Officials with the California Air Resources Board proposed Oct. 1 changes to the state's off-road diesel emissions rule. The proposed changes were made by CARB staff in response to data released by the Associated General Contractors of America showing CARB's off-road rule is not needed to meet diesel emissions targets the board set in 2007.

"In seeking to change both the method and the objectives of this rule, the board's staff is acknowledging that their original rule was as flawed as it was costly," said Mike Kennedy, the association's general counsel. "They have all but rejected the notion that forcing contractors to retrofit construction equipment is a viable strategy for reducing diesel emissions."

Kennedy noted that CARB staff is now recommending a new strategy of requiring contractors and other off-road diesel equipment users to more gradually replace aging construction equipment with newer, more efficient equipment. And while contractors will still receive credits for retrofitting equipment, the amended rule would not force contractors to install the cumbersome filters that do not cut emissions of nitrogen oxide and have raised significant safety and cost concerns.

Board officials also are proposing to delay the off road diesel rule for at least two years, but to set even more aggressive diesel emission targets. "Staff members are crafting targets to justify their rule, instead of crafting rules to meet their targets," Kennedy said. "For an agency where science is supposed to trump all else, the staff seems pretty flexible with its science."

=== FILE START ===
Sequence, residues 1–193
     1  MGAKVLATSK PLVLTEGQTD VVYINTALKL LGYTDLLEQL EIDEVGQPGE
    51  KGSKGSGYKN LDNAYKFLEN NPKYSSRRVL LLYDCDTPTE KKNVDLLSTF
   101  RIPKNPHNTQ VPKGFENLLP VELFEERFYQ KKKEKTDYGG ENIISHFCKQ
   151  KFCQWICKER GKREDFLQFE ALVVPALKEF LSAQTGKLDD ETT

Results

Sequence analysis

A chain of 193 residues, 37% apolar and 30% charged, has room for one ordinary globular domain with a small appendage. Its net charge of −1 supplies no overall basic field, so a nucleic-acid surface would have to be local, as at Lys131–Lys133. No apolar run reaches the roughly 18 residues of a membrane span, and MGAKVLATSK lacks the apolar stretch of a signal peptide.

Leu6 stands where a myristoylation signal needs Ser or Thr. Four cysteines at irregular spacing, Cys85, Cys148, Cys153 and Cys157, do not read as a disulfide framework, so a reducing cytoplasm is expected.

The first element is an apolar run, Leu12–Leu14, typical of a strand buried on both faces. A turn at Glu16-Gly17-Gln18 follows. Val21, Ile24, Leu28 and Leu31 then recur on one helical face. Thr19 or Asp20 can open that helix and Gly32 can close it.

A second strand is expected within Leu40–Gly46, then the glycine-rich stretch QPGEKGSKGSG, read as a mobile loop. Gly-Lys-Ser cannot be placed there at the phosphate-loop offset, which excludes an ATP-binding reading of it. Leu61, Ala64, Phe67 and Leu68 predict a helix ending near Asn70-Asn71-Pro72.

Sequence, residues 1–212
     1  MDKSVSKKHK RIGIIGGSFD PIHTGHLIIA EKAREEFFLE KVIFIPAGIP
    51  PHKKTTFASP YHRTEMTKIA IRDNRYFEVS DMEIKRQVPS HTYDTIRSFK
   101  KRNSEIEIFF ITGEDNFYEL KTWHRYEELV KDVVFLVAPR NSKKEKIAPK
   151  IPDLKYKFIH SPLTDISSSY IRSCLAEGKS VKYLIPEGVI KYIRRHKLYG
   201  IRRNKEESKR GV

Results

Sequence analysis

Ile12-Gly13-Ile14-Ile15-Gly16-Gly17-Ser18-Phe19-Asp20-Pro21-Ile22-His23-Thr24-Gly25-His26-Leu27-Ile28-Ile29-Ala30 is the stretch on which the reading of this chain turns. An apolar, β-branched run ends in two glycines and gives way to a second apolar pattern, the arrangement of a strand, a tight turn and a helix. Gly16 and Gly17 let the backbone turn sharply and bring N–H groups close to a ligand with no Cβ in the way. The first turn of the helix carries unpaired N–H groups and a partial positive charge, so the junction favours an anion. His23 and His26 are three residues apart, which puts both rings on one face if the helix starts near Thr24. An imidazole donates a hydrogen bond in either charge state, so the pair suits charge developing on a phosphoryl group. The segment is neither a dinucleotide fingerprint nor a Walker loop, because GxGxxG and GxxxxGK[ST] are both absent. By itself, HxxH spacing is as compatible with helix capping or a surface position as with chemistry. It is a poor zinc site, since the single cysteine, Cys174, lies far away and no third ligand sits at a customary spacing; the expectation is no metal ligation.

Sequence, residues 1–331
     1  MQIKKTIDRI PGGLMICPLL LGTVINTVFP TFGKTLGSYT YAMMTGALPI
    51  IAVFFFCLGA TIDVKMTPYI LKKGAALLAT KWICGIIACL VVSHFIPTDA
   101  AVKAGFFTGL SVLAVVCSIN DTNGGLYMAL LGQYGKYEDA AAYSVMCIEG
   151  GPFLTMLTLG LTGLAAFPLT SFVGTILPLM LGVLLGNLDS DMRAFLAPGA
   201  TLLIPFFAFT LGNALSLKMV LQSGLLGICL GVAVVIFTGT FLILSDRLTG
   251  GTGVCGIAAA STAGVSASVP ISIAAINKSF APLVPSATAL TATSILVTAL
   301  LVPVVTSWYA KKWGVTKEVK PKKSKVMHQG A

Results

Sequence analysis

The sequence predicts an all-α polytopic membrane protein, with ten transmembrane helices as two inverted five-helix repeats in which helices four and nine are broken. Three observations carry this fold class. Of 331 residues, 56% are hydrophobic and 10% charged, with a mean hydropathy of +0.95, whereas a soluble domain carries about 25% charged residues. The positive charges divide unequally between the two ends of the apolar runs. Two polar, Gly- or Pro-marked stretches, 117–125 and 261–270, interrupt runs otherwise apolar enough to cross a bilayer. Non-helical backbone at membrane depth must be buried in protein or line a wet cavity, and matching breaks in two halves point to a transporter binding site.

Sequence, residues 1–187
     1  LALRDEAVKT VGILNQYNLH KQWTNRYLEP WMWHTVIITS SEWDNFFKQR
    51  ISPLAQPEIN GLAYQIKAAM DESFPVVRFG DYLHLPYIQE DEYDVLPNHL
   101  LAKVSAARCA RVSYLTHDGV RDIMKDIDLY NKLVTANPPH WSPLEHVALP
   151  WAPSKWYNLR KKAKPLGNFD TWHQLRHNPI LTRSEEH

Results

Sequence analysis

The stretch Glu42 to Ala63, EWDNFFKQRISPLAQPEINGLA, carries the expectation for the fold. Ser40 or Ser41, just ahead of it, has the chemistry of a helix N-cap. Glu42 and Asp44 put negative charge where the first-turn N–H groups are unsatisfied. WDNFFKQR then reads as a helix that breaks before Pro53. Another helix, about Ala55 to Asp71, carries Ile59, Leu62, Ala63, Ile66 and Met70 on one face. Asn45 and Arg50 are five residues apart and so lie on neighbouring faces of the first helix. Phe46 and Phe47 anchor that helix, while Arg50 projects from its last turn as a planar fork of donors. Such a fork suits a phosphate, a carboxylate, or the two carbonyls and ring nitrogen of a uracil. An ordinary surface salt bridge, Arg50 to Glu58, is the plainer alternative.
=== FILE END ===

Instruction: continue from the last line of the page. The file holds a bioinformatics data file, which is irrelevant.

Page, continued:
Despite the evolving emission targets, Kennedy said the association and its member contractors were willing to work with the members of CARB to ensure that the final off-road diesel emissions rule protects the state's air quality while preserving what's left of the state's construction jobs.

Kennedy also suggested that any other public officials considering mandates for diesel retrofits take note of California's change of heart. "Retrofit mandates have to be very badly flawed for California's aggressive environmental regulators to say they won't work," Kennedy noted.